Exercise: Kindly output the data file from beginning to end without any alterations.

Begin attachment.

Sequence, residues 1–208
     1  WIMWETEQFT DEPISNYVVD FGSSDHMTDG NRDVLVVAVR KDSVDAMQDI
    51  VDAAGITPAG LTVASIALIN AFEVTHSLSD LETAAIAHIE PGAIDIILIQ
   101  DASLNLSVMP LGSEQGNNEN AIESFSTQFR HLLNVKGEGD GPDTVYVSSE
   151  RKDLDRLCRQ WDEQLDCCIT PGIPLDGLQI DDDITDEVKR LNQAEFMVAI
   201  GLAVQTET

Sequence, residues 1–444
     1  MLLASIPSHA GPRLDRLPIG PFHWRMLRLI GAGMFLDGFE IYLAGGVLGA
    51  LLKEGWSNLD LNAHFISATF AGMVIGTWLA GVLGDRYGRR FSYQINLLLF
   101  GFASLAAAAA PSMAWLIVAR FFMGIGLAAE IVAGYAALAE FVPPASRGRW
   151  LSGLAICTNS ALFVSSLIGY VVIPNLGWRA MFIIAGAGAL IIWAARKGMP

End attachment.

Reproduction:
Sequence, residues 1–208
     1  WIMWETEQFT DEPISNYVVD FGSSDHMTDG NRDVLVVAVR KDSVDAMQDI
    51  VDAAGITPAG LTVASIALIN AFEVTHSLSD LETAAIAHIE PGAIDIILIQ
   101  DASLNLSVMP LGSEQGNNEN AIESFSTQFR HLLNVKGEGD GPDTVYVSSE
   151  RKDLDRLCRQ WDEQLDCCIT PGIPLDGLQI DDDITDEVKR LNQAEFMVAI
   201  GLAVQTET

Sequence, residues 1–444
     1  MLLASIPSHA GPRLDRLPIG PFHWRMLRLI GAGMFLDGFE IYLAGGVLGA
    51  LLKEGWSNLD LNAHFISATF AGMVIGTWLA GVLGDRYGRR FSYQINLLLF
   101  GFASLAAAAA PSMAWLIVAR FFMGIGLAAE IVAGYAALAE FVPPASRGRW
   151  LSGLAICTNS ALFVSSLIGY VVIPNLGWRA MFIIAGAGAL IIWAARKGMP